- Hello everyone. My name is Alexander Lehrer and today we will be discussing the federal Water Pollution Control Act also known as the Clean Water Act. In this introduction to the Clean Water Act, we will address the acts genesis and discuss how the act has evolved since its passage in the 1970s. We will cover the acts legislative history, permitting requirements, and some of the key definitions that have become the focal point of litigation over the years. We will also discuss the recent decisions that have expanded the protections offered by the Clean Water Act and what this means for the environmental law practitioner. The goal of today's lecture will be to discuss the history, objectives and implementation of the Clean Water Act, address key litigated terms, including navigable waters and point source under the Clean Water Act and the interpretation using legislative history and well-established case law and provide key practice tips for environmental attorneys filing or responding to Clean Water Act litigation. So as previously mentioned, my name is Alexandra Lehrer and I'm a partner at the law firm of Trenk Isabel Siddiqi and Shahdanian in Livingston New Jersey, where I focus on environmental law with a specific concentration in complex environmental litigation, primarily involving emerging contaminants and natural resource damages, as well as regulatory matters regarding site remediation. I am an experienced attorney in matters involving the Clean Water Act, CERCLA, and the New Jersey Spill Compensation and Control Act also known as the Spill Act. I am licensed to practice law in the State of New York, the State of New Jersey and the United States District Court for the District of New Jersey. I'm a member of the Justice Stewart Pollack Environmental Inn of Court the New Jersey State Bar Association, the New Jersey Environmental Law Section, the New Jersey Special Committee for Renewable Energy, Clean Tech and Climate Change. And I'm also a member of the American Bar Association. I am also a contributor to the New York, the New Jersey environmental Law Handbook, and have lectured extensively about the Clean Water Act before the New Jersey State Bar Association on several occasions. So having said all that, let's get into the program. Now, the Clean Water Act was enacted in 1972, but I think it's important to understand water regulation before 1972. And to have a discussion about , water regulation looked like before the Clean Water Act itself. So as a starting point, we are gonna go back all the way to 1899, which is one of the first instances of water regulation in the United States. So the first piece of legislation that is important for our purposes is the rivers and harbors appropriation act of 1899. The citation is 33 USC section 401. And this is also known as the Refuse Act. And the Refuse Act is still in place. And it authorized the permit program to permit and protect navigable waters of the United States in the development, construction, and excavation of our nation's harbors. Now the Refuse Act prohibits the unauthorized obstruction or alteration of any navigable waters of the United States. And that's a quote from section 10 of the RHA or the Refuse Act the 33 USC section 403. And the law explicitly states that, "it shall not be lawful to excavate or fill or in any manner to alter or modify the course, location, condition or capacity of any port, roads that haven, harbor, canal, lake, harbor of refuge or enclosure within the limits of any breakwater or the channel of any navigable water of the United States, unless keyword, unless, the work has been recommended by the chief of engineers of the core of engineers and authorized by the secretary of war prior to the beginning of any excavation." So what does this mean? A plain reading of the Refuse Act demonstrates that this was not really aimed at preventing water pollution or ensure ensuring clean drinking water or protecting the flora, fauna or any ecosystems or even minimal human health standards. Instead it's plain that this is an act to protect industry and to protect maritime security. It's important for us to look at the year in which the Refuse Act was enacted, 1899 was a time of great industry in the United States. It was a time of maritime might expansion and world growth. And with that in mind, the government was less concerned about protecting our waters for philanthropic purposes. I think they were more interested in preventing the dumping of materials that might impede navigation in industry itself. Waterways at this time continue to be used as a place to dispose of waste and substantially more pollutants for being discharged into nation's waters as a great, at a great array than the waters could absorb. So this was one of the key pieces of legislation that was in place up until about 1948, which is an extensive period, a substantial period of time. During that time you have world war I, you have world war II. So during this time, clearly there's an immense amount of industrialization. There is war production going on and prior to world War II, specifically states and municipalities took steps to deal with water pollution. But once the war broke out, war production really took precedent. And essentially put these efforts on hold. This is evident in bodies of water throughout the United States, such as the lower Duwamish waterway, which was a vital waterway for war production, specifically for ship building and aircraft production. We see this throughout the United States as well on the east coast. So the goal here in the United States, wasn't really protecting our nation's waters. The goal was to win the war in any cost, which we did, but the environment at home suffered immensely as a result of that. So world war II ended in 1945, which brings us to the next piece of legislation, the federal water pollution control of 1948. Following the second world war, the foundational legislation, setting the groundwork for what we know to become the Clean Water Act began to take shape. The 1948 act provided "state and local government with technical assistant funds to address water pollution problems, including research." And this is a direct quote from the congressional research services. And the 1940 act permitted courts to grant relief for pollution after considering the economic feasibility of abatement of the pollution. What's important to note here is that the 1948 act makes little to no mention of federal involvement, goals, objectives, limits, or guidelines on water pollution, the federal government here instead allowed states and local governments to handle water pollution pretty much as it hit done before the war. So the water quality act of 1965 was, the environmental movement began to start taking shape in the 1960s with the pollution of waterways and the air from over industrialization. The 1965 act provided for the adoption of federal water quality standards for interstate waters. The 1965 act was very limited in scope and ambiguous. It was very ambiguously worded with regard to ascertaining when a discharge of a contaminant was in violation of the act standards. So we see these three pieces of legislation from 1899 to 1965. And it's clear that the federal government is taking a hands off approach to maintaining the clean water of the United States. So why was the Clean Water Act enacted? You know, it's obvious that this was a response to contamination, disposal, and ineffective response to combat pollution by the federal government in previous legislation. For the first time ever in the 1960s and the 1970s, we see public outcry in response to manmade, natural disasters following the second world war, for instance, there's the Cuyahoga river fire. This was in, this happened in 1969 in the state of Ohio, the Cuyahoga river, it bisects the city of Cleveland and like many urban centers located on navigable waterways, Cleveland became a major manufacturing center in the Midwest. And as a result became heavily impacted by industrial contamination. The river became so contaminated with pollution, primarily petroleum products that it caught on fire at least 13 times, beginning as early as 1868 with the most devastating and while documented fire occurring in 1969. Some say that the Cuyahoga river fires were the start of the environmental movement in the United States, spawning the not only the Clean Water Act, Clean Air Act, but also the EPA itself. So other than the Cuyahoga river, we also had very high levels of bacteria, dangerous bacteria in the Hudson river, in New York, massive fish kills in the state of Florida, many of which are still happening today. So we have this public outcry and the environmental movement is starting to take shape. And that brings us to 1972 with the enactment of the federal Water Pollution Control Act. This is the Clean Water Act that we know today. It's been changed multiple times. It's been amended multiple times since the 1972, but the foundational document was signed into law in 1972. And the primary goals included, responding to public outcry and awareness of environmental issues. This came to the forefront once manmade environmental catastrophes gained traction in the headlines. Congress took note and in 1972 passed an amendment to the federal Water Pollution Control Act of 1948. And as amended in 1972, the law became known as the Clean Water Act. The amendment was intended to "restore and maintain the chemical, physical, and biological integrity of the nation's waters." This can be found at 33 USC section 1251. Now, generally the Clean Water Act forbids the addition of any pollutant from a point source to navigable waters without the appropriate permit from the environmental protection agency, the Clean Water Act is designed to restore and maintain the chemical, physical, and biological integrity of the nation's waters. In order to meet this objective, the Clean Water Act prohibits the discharge of any pollutant by any person and defines a discharge or a pollutant as any addition of any pollutant to navigable waters from any point source. Now the Clean Water Act defines a point source to be any discernible combined and discrete conveyance, including, but not limited to any well from which pollutants are or may be discharged. And this can be found at section 1311A and section 1342 A1. So as a brief summary, this can be distilled by asking ourselves what did the Clean Water Act actually do? And you know, what was the real purpose and what did it it hope to accomplish? The Clean Water Act established the structure for regulating pollutant discharge into waters of the United States, which had not been present prior to 1972. It authorized the USEPA to establish pollution control programs and pollution standards for waste water and industry. It set water quality standards and surface water for known contaminants, and it made it illegal to discharge contaminants into a navigable body of water from a point source without first obtaining a permit under federal oversight. Now, this is important because here we have the federal government actually requiring their own permission rather than kind of punting it to state and local officials. They're actually asking for discharges to get a permit before they discharge any contaminant or any affluent into bodies of water. And lastly, the Clean Water Act gave primary responsibilities and rights of states to prevent, reduce, and eliminate pollution and to prevent to plan the developments and of use of land and water resources. And specifically, this can be found at 33 USC section 1251B. So now that we've kind of introduced the Clean Water Act itself, I think it would be important to start getting into the definitions that really shape the Clean Water Act and set it apart from previous pieces of legislation enacted by the federal government. And with that, I think the first definition to tackle would be waters of the United States. I think it's important to start with waters of the United States or rather navigable waters, because this is one of the more settled areas. And it wasn't initially, this was probably the most litigated and most contentious definition within the Clean Water Act. Now the Clean Water Act defines navigable waters or waters of the United States to mean waters of the United States, including the territorial seas. And this could be found at 33 USC section 3627. So this begs the question, what are waters of the United States? And the legislative history of the act is important for, to kind of flesh out the details of what waters of the United States was really meant to be. Now looking at the legislative history, the house report from 1972 explains that navigable waters is one term that the committee was reluctant to define as navigable waters can kind of be a general term. And this is direct quote, "the reluctance was based on the fear that any interpretation would be read narrowly. However, this is not the committee's intent. The committee fully intends that the term navigable waters be given the broadest possible constitutional interpretation, unencumbered by agency determinations, which have been made or may be made for administrative purposes." So this is immensely important. It's 1972 and Congress here is trying to give the largest cast of largest possible umbrella or the largest possible net on what a navigable water can be. And they're saying it outright that it's the broadest possible constitutional interpretation. They want this to cover everything under the sun, at least that's my reading of it. And this is important because prior to this, you're not really getting a definition of what a navigable water is or what a clean water is or water to the United States really is. And obviously now that the act has been, it's been put into law, it's been signed, here come the court cases. And you know what? Now that we have a very broad definition, the court cases are going to try and specify what is and what isn't. Now, one of the first cases that involves the judicial interpretations of waters of the United States or navigable waters was the natural resource defense council versus Callaway. And that citation is 392F supp 685. And that's out of the District Court for the District of Columbia. In this case, the enter of DC brought an action against the army Corps of engineers and the EPA. The court held that Congress by defining the term navigable waters, per purpose of the federal Water Pollution Control Act amendments, or the Clean Water Act, they meant this to be the water to the United States, including the territorial seas, and it asserted federal jurisdiction over the nation's waters. What's key here is that they're saying to the maximum extent, permissible under the commerce clause. As used in the water act, the term is not limited to the traditional tests of navigability. So the court is essentially saying you don't need to be in a boat and go from point A to point B on a river. And if you can't do that, then it's not considered a water of the United States. This does not involve navigability. This does not have to do with the ports. This does not have to do with canals. This just has to do with bodies of water. This is streams. This is rivers. This is lakes. They're giving it the maximum extent. They're saying that this maximum extent standard really just emphasizes the congressional intent in drafting the Clean Water Act itself. So one of the next big court cases is United States versus Riverside Bayview homes, inc citation 474, US 121. This decision expanded the definitions of waters of the United States. In this case, the court of engineers brought an action to ensuring the owner of property from filling in wetlands, without permission from the federal government. So this case involves wetlands. This is not a navigable water that, in the traditional sense, like we said earlier, you really can't, this isn't a river. This isn't a stream. This isn't a Creek. These are wetlands. You know they're shallow. You can't really put a boat on them and go from point A to point B. So it it's an important distinction here. So the court is essentially being asked, our bodies of water that are not in fact, navigable, such as wetlands considers waters of the United States and thus covered under the Clean Water Act. And the answer under Riverside Bayview is overwhelmingly, yes. The court stated, "the evident breadth of congressional concern for protection of water quality and aquatic ecosystems suggests that is reasonable for the core to interpret the terms waters to encompass wetlands, adjacent to waters as more conventionally defined. And following the lead of the environmental protection agency the core has determined that wetlands adjacent to navigable waters do not rather do as a general matter play a key role in protecting and enhancing water quality." And that is at 8133. The court went on to say that, "in view of the breadth of federal regulatory authority contemplated by the act itself and the inherent difficulties of defining precise bounds to regulatable waters, because ecological judgment about the relationship between waters and their adjacent wetlands provides an inadequate basis for a legal judgment that adjacent wetlands may be defined as waters of the act. So here we have another expansion and of waters of the United States and navigable waters. It's not just creeks. It's not just streams. It's not just rivers. Now we have wetlands as well. So we are making the navigable waters of the United States even broader than what we fundamentally understand waters to be. So the next case is solid waste agency of North Cook County versus United States army Corps of engineers citation 531, US 159. This is a 2001 case involving isolated waters. So we should look at isolated waters. We should consider them more as lakes, ponds, things that aren't really navigable. They don't have a direct, they don't have direct access to a river or rather to a sea or ocean, not really navigable in the sense that, they can reach the sea. So this case involved the consortium of municipalities that sued the United States army Corps of engineers, and they were challenging the core's exercise of jurisdiction over abandoned sand and gravel pits on which consortium planned to develop disposal sites for non-hazardous solid waste and the denial of a Clean Water Act permit for that purpose. And here the court in 2001 kind of put their foot down and they... This is the first time really seeing a limitation on the Clean Water Act. And the court held that extending the definition of navigable waters under the Clean Water Act to include intrastate waters used as a habitat in this instance, by migratory birds exceeded the authority granted to the core under the Clean Water Act and therefore an abandoned sand and gravel pit containing ponds used by migratory birds was not subject to the chorus jurisdiction under the Clean Water Act. And the last case I'm going to discuss about navigable waters is US versus Rapanos. And this is a 2006 case. Citation is 547, US 715. In this case, the federal government brought an enforcement action alleging that developers and their wholly owned companies were illegally discharging film material into protected wetlands in violation of the Clean Water Act. And having heard arguments in this case, justice Scalia writing for the majority held at the term navigable waters under the Clean Water Act refers to water as found in streams, oceans, rivers, lakes, and bodies of water forming geographical features, but that does not encompass transitory puddles or ephemeral flows of water. So essentially what Scalia is saying here is that tributaries or very, very small, tiny little creeks that have very little basis of going anywhere are not considered as navigable waters or a water of the United States. Now here, it's important... I'm gonna give a little bit of a practice tip is that for those litigating Clean Water Act cases, the term navigable water or waters in the United States, that language of the Clean Water Act is pretty much well settled law at this point. And really isn't as litigated as it used to be. The Clean Water Act when it was first enacted that was really the first thing that was attacked under the law was what qualifies as a water of the United States. And that seems to be pretty well settled at this point. The new area for litigation purposes seems to be point source, which we will discuss later on in the lecture. So now that we have discussed navigable waters and the term waters of the United States, I think it's a good time to move on to the permitting process as it pertains to point source under the Clean Water Act. So the permitting process under the Clean Water Act is known as a national pollution, pollutant discharge elimination system permit, or a NPDES permit and section 301 A prohibits the discharge of any pollutant by any person from any point source into navigable waters, except if they have a national pollutant discharge elimination system permit, or a NPDES permit, N-P-D-E-S. And this can be found at 33 USC section 1311 A and section 301 A. Now to comply with these sections, a discharger can obtain permits through either the clean water act permit program under section 402 or the dredged or fill material program under section 404. So for today, we're gonna discuss section 402 and under section 402, the Clean Water Act requires that any operator of a point source be required to obtain a permit through the National Pollutant Discharge Elimination System or the NPDES program, essentially a NPDES permit limits what pollutants may be emitted by a discharger, and it also establishes necessary treatment steps to limit pollutant discharge. So as a practitioner, as a legal practitioner, NPDES permits are essential for any manufacturer or potential discharge of contaminants. As a practitioner and an advocate for your client, any discharge from a point source to a navigable water should be permitted under federal regulations, and you should be advising your client that, obviously they can't just discharge into a body of water. They're going to have to obtain federal approval and likely state approval as well. States tend to have their own NPDES program. I know in the state of New Jersey, it's called in NJPDES permit, N-J-P-D-E-S. But yes, this is something that you should be looking into to advise your clients if they are in the manufacturer or industrial areas. So with this in mind, I think we need to discuss what a point source actually is as it's discussed, not only in the act itself, but specifically in the national pollutant discharge elimination system permit section. Now the Clean Water Act defines a point source under section 502 of the Clean Water Act to mean any discernible, confined and discrete conveyance, including, but not limited to any pipe, ditch, channel, tunnel, conduit, well, discrete fissure, container, rolling stock, concentrated animal feeding operation, or vessel or other floating craft from which pollutants are or may be discharged. Now, when you think of it, the basic point of a point source makes sense, in essence, it's, you need to consider that it's essentially a pipe, from a fundamental point of view, you can consider it a pipe, discharging toxic sludge into a river or the ocean. That's probably the easiest picture to paint, but what happens when a discharge releases contaminants onto soil, which leaches into groundwater traveling to a navigable body of water, or you have a release of contaminants that aren't really coming out of a pipe they're coming out of a well or they're leaching. And then they're reaching a navigable body of water that way it's a little more ambiguous and it requires traditional interpretation. Now, as I said earlier, the point source definition seems to have taken, been at the forefront of litigation for the past several years with the Clean Water Act more so than the other areas, because of that, I'm going to go into a little bit of detail and probably start the beginning for a very important case that was decided in 2020, called the county of Maui versus Hawaii wildlife. And that was the Supreme court case. The citation is 140 Supreme court 1462 or 140 US 1462. And this was heard on April 23, 2020. So in the county of Maui case, the petitioner, the county of Maui operates a wastewater reclamation facility that collects sewage from the surrounding area. They partially treated it and they pumped the treated and wastewater through four wells, hundreds of feet underground. So you can see, this is a little different than the typical pipe, discharging sludge to a navigable water. Here we have wells that are injecting waste water, you know, hundreds of feet underground. And that's why this case is, it stands out from other point source cases. So it's, this is an expansion of what a point source would typically be. So this effluent amounting to about 4 million gallons each day was then traveling a further half mile or so through groundwater to the Pacific Ocean. And, so we have this facility it's about half a mile from the ocean. There is no creek. There is no river from the facility itself that is allowing contaminants to go from the site, the facility to the ocean. There is essentially just soil. Think of it as just soil from the industrial plant to the ocean itself, here, though, there is an underground river, you have groundwater that was traveling beneath the facility and traveling to the Pacific Ocean. And in 2012, several environmental groups, including the Hawaii Wildlife Fund, they brought a citizen suit under the Clean Water Act against the county of Maui, claiming that the county was discharging a pollutant to navigable waters, namely the Pacific ocean without the permit required by the Clean Water Act. And that permit as we previously discussed was a NPTES permit. That approved that the hydraulic connection between the groundwater and the ocean existed, the environmental groups relied upon what's known as a tracer dye study. So essentially they're taking dye, they're inserting it into the discharge contaminated water, and they're waiting to see where it gets discharged to and where it shows up. And so the discharged water, which was being released onto the soil and in these wells, these injection wells was finding its way into the Pacific ocean and the environment, the groups relied on this study, and the study indicated that 64% of the contaminated water pumped into the injection wells made its way to the Pacific ocean within about 84 days after being placed into the wells. So 84 days later, they're seeing this dye show up in the Pacific Ocean, and they're claiming that there was a direct connection between the discharge point or the point source and the Pacific ocean. So plaintiffs in this case argued that the county's injection wells will truly point sources since past EPA studies using the dye study had showed it possible to trace the discharge from individual wells to the ocean. The plaintiffs also argued that reclaimed water, which can possess higher levels of bacteria and other microorganisms that seep into the ocean that led to the spread of algae blooms near Maui shores, and in could impact the health of coral reefs , aquatic and mammalian life and humans that live near the shore. Hearing arguments, the United States District Court for the District of Hawaii held that because the path to the ocean is clearly ascertainable the discharge from the injection of wells into the nearby groundwater was, "functionally one into navigable water" and thus required an NPTES permit. So the court is essentially saying that because of the tracer dye study, the path to the ocean was clearly ascertainable. They were a able to see that the wastewater was being injected into the ground. The groundwater was then carrying the affluent from the facility and it was ending up in the ocean. So they said, it's clearly ascertainable. They were seeing it. They could see it with their eyes, the data was showing it. And that groundwater was essentially acting as a water, a navigable water of the United States. You know, we, you can't, obviously you cannot navigate groundwater. The boat analogy that I had used previously does, falls on its face here. It sinks immediately. Groundwater is clearly it's underneath the ground. It's an underground river. And the district court siding with the plaintiffs here is saying that groundwater is now considered a navigable water of the United States. So I was expected in this case, the county appealed the district court's decision, and the county appealed to the ninth circuit, which also ruled in favor of plaintiffs in 2018 and the ninth circuit's decision drew on Rapanos, which we had previously referenced before, as an opinion, that was drafted by justice Scalia. Justice Scalia, ready for the plurality suggested that permits would be required even for point source pollutants that do not emit directly into covered waters, but pass through conveyances in between. The court claimed that the plain language of the Clean Water Act supported the requirement that the discharge from the wastewater plant be subject to permit. They held that the Clean Water Act required a permit when pollutants were fairly traceable to the original point source. And this was a novel test for the Clean Water Act. It rejected two standards proposed by the county and the EPA. In this specific case at the Maui plant, the ninth circuit in footnote, three, noted that the pollutants from the wells to the ocean that resulted in pollution concentrations above the minimus levels were fairly traceable and thus would need a permit under the Clean Water Act. Now, the ninth circuit concluded in a very interesting quote, which I will state here. They stated that, "at the bottom, this case is about preventing the county from doing indirectly, that, which it cannot do directly." So the court is essentially acknowledging a loophole here that the county was trying to take advantage of, ground water is not discussed in the Clean Water Act. It's... We've always discussed navigable bodies of water. We've always discussed point sources as being a conveyance as a pipe, a man-made object, you know, anything of the sort. And now we have groundwater being designated as a water of the United States or a navigable body of water or a navigable water rather. So the ninth circuit is closing that loophole saying the county can't get away with what they're doing. They're essentially dumping water, treated affluent contaminated water into the Pacific ocean by injecting it into the ground. And regardless of the fact that they're injecting it into the ground, it's still making its way to the Pacific ocean. Clearly there's an nexus here and they can't get away with it. So after the trial court and the appellate court decisions, the EPA took a stance on the groundwater issue in 2019, and they issued a guidance document entitled interpretive statement on application of the Clean Water Act, national pollutant discharge elimination system program to releases the pollutants from the point sources to groundwater. And this is a, it's an involved paper, but to distill the main purpose of the guidance document, the EPA asserted that the Clean Water Act does not cover discharges to ground water or discharges from non-point sources contrary to the ninth circuit's 2018 holding. So on the one hand, we have the courts, both the district court and the ninth circuit court saying that groundwater is a point. So our Senate is a navigable water under the Clean Water Act. And then we have the EPA taking a stance here in 2019 under the Trump administration. They're saying that the Clean Water Act does not cover these types of discharges to ground water, and it's doesn't require Clean Water Act permission. So the county will be permitted in this particular instance to continue doing what they're doing and discharging to ground water, despite the fact that it's making its way to the Pacific ocean. So following this, following the ninth circuit's decision and the guidance document, the county of Maui expectedly, they appealed the ninth circuit's opinion and the Supreme court granted cert. Now I remember following this case and this was a very big environmental case. I mean,I remember following this while it was going on from the district court and we were waiting for the Supreme court to make a decision here. I remember having a Clean Water Act case that I wanted to bring. And we were essentially waiting for this holding to come down before we could do any filing, because it was going... The law throughout the country, throughout the district courts and the appellate divisions was... There was a divide. Did this count as a point source or didn't it? And the Supreme court was, going to be the deciding vote here. So after hearing oral argument, in this case, the Supreme court in its review of the nine circuits decision stated that the Clean Water Acts words reflect Congress' basic aim to provide federal regulation of identifiable sources of pollutants entering navigable waters without undermining the state's longstanding regulatory authority over land and groundwater. So they say that in addition of a pollutant, according to the court, falls within the statutory requirement, that the addition be from any point source, when a point source directly deposits pollutants into navigable waters or one that discharge reaches the same result through roughly similar means. So the Supreme court held that the Clean Water Act requires a permit when there is a direct discharge from a point sourced into navigable waters, or when there is the functional equivalent of a direct discharge from a point source into navigable waters. Now, in clarifying what constitutes a functional equivalent of a direct discharge. The court explained that time and distance are the obvious and important factors here. By way of example, the court states that where a pipe ends a few feet from navigable waters and the pipe amids pollutants that travel those few feet through groundwater or over the beach, the permitting requirement clearly applies. Conversely, the court stated that if the same pipe ends 50 miles from the navigable waters and the pipe, amids pollutants the travel with groundwater mix with much other material and end up in navigable waters only many years later, the permitting requirements likely do not apply. The court further explain that weather pollutants are rising at navigable waters after traveling through groundwater are from a point source, depends upon how similar to or different from the particular discharge is to a direct discharge. Now, recognizing that there are too many potentially relevant factors that could be determinative of whether a particular groundwater discharge is the "functional equivalent" of a direct discharge, navigable waters, the court articulated a number of factors here, including transit time, the distance traveled, the nature of the material through which the pollutant travels, the extent to which the pollutant is diluted or chemically changed as it travels, the amount of pollutant entering the navigable waters relative to the amount of the pollutant that leaves the point source, the manner by, or area in which the pollutant enters the navigable waters and the degree to which the pollution at that point has maintained its specific identity. Now, the court explained that time and distance will usually be the most important factors, but also cautioned that the standard depends heavily on the facts of any given case and additional factors may be relevant to the analysis. The Supreme court also anticipated that subsequent decisions by district and appellate courts, as well as administrative permitting decisions and rule makings will over time give more substance to the functional equivalent standard as articulated in the county of Maui decision. So the court here rather than making a decision about the permitting requirements for the county, remanded the case back down to the district court. And they did this in a sense to kind of test the water, so to speak on the factors that they came up with and the district court applying those factors and the facts of that case to the factors that they came up with. So once this case was remanded back down to the district court, following the Supreme court's holding in that case, the EPA issued a January 21, 2021 guidance document entitled applying the Supreme court's county of Maui versus Hawaii wildlife fund decision and the Clean Water Act section 402 national pollution discharge elimination system permit program. So this is a 2021 guidance document. We have a new administration in place, and this guidance document essentially reduced the clean water protections by creating a new factor for determining if a discharge of pollution from a point source through ground water that reaches a water of the United States is the functional equivalent of a direct discharge to such water. The guidance identified the design and performance of the system or the facility from where the pollutant is released as an additional factor to be considered by regulated entities and permitting authorities and determining whether a NPTES permit is required for the pollutant. Now, this factor is in addition to the seven other factors that were identified in the Maui decision, it's also important to acknow... So the of Mai decision, you know, we sent back to the district court and we have a motion for summary judgment that comes up and the court issued its holding and established that the functional equivalent standard, you know, be remanded and the case be heard back in the district court to apply the standard to the facts of the county of Maui decision, and the court analyzed each factor. The district court rather analyzed each factor in the following way. So the first one we can look at is transit time and the district court characterized the tracer dye study as indisputably demonstrating the relatively rapid flow of significant quantities of pollutants from the site to the ocean. The distance traveled, the county's expert found that the wastewater travels from the site to the ocean at a minimum of 0.3 to 1.3 miles. And it is an undisputed fact, the site is 1.5 miles from the ocean. This is the evidence that the court considered and concluded that with the available data, even with diffuse flow, the wastewater likely travels a relatively short distance through groundwater and such a distance favors requiring the permit. Now the third factor, the nature of the material through which the pollutant travels, in the county of Maui matter, the waste water traveled through a porous aquifer and encountered saline and brackish water, the wastewater mixed with ground water and then flowed horizontally and vertically into the ocean through the aquifer. So in short, unlike water flowing through a pipe or a discrete conveyance that we imagine in our head, the waste water is mixing with other waters and is flowing through rock and other substances. So we were not dealing with a homogeneous substance here. This is mixing with other materials and then making its way to the Pacific ocean, which would likely complicate the formula that the Supreme court had come up with and would probably be antithetical to a permit in this particular instance, in this particular element, unlike the first two. Now moving off of the third point out to the fourth, the extent to which the pollutant is diluted or chemically changed as it travels clearly, here, we have a very porous aquifer. It's interacting with saline and brackish water. The county's expert on pine chair that 31 pounds of nitrogen per day were being released into the ocean at the north and south sea groups, which is a significant reduction from what would've been expected without a filtering mechanism. And even if much of that pollutant has been diluted or otherwise removed, a significant amount of pollutant is still entering the ocean. And the court drew all inferences in the county's favor. As you know, you're required to do under a motion for summary judgment and therefore viewed the significant reduction as indicating that this factor weighs in the county's favor. The fifth factor, the amount of pollutant entering the navigable waters relative to the amount of the pollutant that leaves the point source. In this particular instance, there was no dispute that 100% of the waste water from the site was being discharged into the ocean. We saw this with the tracer dye study, you know, the water was being discharged from the facility and we were seeing it several weeks later in the Pacific ocean. Further, the court noted that no parties dispute the fact that the resulting waste water remains polluted, even if it ended up being less polluted and all the waste water ended up in the ocean, regardless of how it is polluted, it's still making its way into the ocean. And so this factor weighs in favor of requiring the permit. So then we have the sixth factor or the sixth element that the Supreme court came up with in the county of Maui, the manner by, or area in which the pollutant enters the navigable waters. The court had said that the parties agreed that some of the wastewater entering the ocean through identified sips with their remainder of the wastewater, entering the water through other means, including diffuse flow . Here, the district court concluded that there are a number of ways, the waste number of ways that the waste water could enter the ocean and noted that this factor did not add much in relation to the other factors and gave this no additional weight. So here we have an instance of the court kind of, making its own standard here, not its own standard, but more of its own interpretation. It's saying, okay, these are all these factors exist. We can kind of pick and choose what is more important than the others. And this will probably be happening more and more often now that this is now in the district court's favor or in their realm rather. Now the seventh factor, the degree to which the pollution at that point was maintained in specific had maintained its specific identity. The district court held that there was no dispute that the wastewater undergoes some change as it flows from the site to the ocean. However, in this case, the 2013 tracer dye study indisputably established that the wastewater from the wells can still be identified. And even if the wastewater that reached the ocean from the wells contains the lesser levels of pollutants, it still maintains it, its specific identity and therefore required or favored rather requiring a permit. In addition, to the seven factors noted the court explains that these factors are not necessarily the only factors relevant to a determination of whether waste water from the wells is the functional equivalent of a direct discharge into navigable waters. So we have the district court kind of taking the Supreme court's words right out of its mouth and saying, okay, there are other factors here besides the seven that SCOTUS came up with and other additional factors that the district court mentions is the volume of waste water reaching navigable waters, the amount of pollutant entering navigable waters, relative to the amount of the pollutant that leaves the point source. They also mention the impact on the ecosystem, which is one of the first times we're seeing this element where we're actually looking at the environment itself. You know, we're not just, this is not a sterile approach that, we're just looking at these definitions. We're actually looking at the impact on nature and the ecosystem wildlife flora, fauna. And they're saying the impact on the ecosystem, the Clean Water Act was designed. They're recognizing that the Clean Water Act was designed to minimize harm to navigable waters and their ecosystems. And they also mentioned for a third additional factor, the balancing of factors. So this is clear when you see whenever we discussed factor six, which was the manner by area in which the pollutant entered the navigable waters, the district court doesn't give this a lot of weight, you know, in comparison to the other six factors that are there of the seven, they say this one really isn't that important. So we see a balancing already in the district court's decision. So here we have the first application of the functional equivalent standard. But I do not think that this is gonna be the last one. This was a very important case. It was one among many. This is the one that was granted cert, we're going to start seeing, we have the skeleton for the functional equivalent standard. Now we're gonna start seeing quarts, starting to put some meat on the bones here, and they're gonna start defining functional equivalent standard using these, this basic framework, looking at all these factors and creating the body now of what a functional equivalent actually is. So it's anticipated that subsequent decision by district court and appellate courts, as well as administrative permitting decisions and rule makings will over time give more substance to the functional equivalent standard articulated in the county of Maui decision. So the point source definition and specifically the county of Maui functional equivalent standard is gonna be heavily litigated in the future. I don't, think this is going away anytime soon, you know, unlike waters of the United States or navigable waters, which is it's been litigated in the past. It's well defined at this point point source and functional equivalent I think are gonna be, it's gonna be the next realm of litigation for environmental law and by involving the Clean Water Act. And now that the functional equivalent standard has been set by the Supreme court, which is obviously the law of the land, it's gonna fall in the states now in the lower federal courts to implement the standard articulated by the county of Maui decision. And, from a practice point of view, I would, you know, this is the starting point. The county of Maui decision is a very important case. And from an advocacy point of view, I would continue to pay attention to this line of cases in the future, as we're gonna start getting more information and more standards and on what a functional equivalent actually is and what a point source can be. So to summarize, we have gone over the history objectives and implementation of the Clean Water Act, the reasons why it was enacted, you know, we talked about the immense amount of environmental contamination that was taking place prior to 1972. That's not to say that it hasn't stopped since 1972. It's just regulated significantly more than it was. And, you know, we saw why it's being regulated, why the legislation was necessary. We have addressed litigated terms, including navigable waters and point source under the Clean Water Act and how they've been interpreted by the courts. And we've provided a little bit of environmental tips for practitioners and responding to, or filing Clean Water Act cases. I would say that it's going to be very important for environmental attorneys to advise your clients about the evolving standards that are happening with the Clean Water Act. The county of Maui in particular is essential kind of shows how the standard is evolving. And, I think a lot of industry thought that they were kind of off the hook with not being near a body of water that clearly has gone away. If you're a mile away from a body of water, you could potentially still be liable under the Clean Water Act, if you don't have a permit and you are discharging a contaminant to the soil, sediments, anything like that, clearly it's possible here that liability can attach. So manufacturers, discharges, whatnot need to be aware of that. And so whether you are on the plaintiff's side and you have been... Your water source has been contaminated by a particular contaminant or discharge, there are clearly avenues of recourse that can be taken under the Clean Water Act. And if you're on the defense side, you know if you're representing a company that is engaging in industry with potential to be discharging, likely they're going to be needing a federal and state permit under the Clean Water Act, they're not going to be able to just discharge and forget about it. So with that in mind, that's going to conclude our summary and our overview of the Clean Water Act. My name is Alexandra Lehrer. Please feel free to contact me. Should you have any questions or we should discuss what was summarized earlier during this lecture. Thank you all for listening and be well. Thank you.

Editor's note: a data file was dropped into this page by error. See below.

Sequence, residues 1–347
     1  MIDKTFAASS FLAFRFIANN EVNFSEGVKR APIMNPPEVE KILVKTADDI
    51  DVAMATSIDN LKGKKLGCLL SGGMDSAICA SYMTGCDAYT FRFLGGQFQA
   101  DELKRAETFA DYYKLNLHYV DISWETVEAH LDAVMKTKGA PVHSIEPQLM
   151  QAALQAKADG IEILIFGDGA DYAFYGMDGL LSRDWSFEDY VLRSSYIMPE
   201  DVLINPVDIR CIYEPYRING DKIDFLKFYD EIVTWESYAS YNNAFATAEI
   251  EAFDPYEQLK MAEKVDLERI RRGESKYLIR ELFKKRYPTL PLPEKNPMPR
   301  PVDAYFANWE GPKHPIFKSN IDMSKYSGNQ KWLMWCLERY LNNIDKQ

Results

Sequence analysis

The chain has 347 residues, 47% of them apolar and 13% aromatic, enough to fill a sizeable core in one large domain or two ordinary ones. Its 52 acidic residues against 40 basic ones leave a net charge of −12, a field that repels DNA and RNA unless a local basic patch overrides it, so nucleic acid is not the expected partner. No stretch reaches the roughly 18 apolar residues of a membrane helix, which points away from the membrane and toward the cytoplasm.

Presenter(s)

Alexander Lehrer
Partner
Trenk Isabel Siddiqi & Shahdanian, P.C.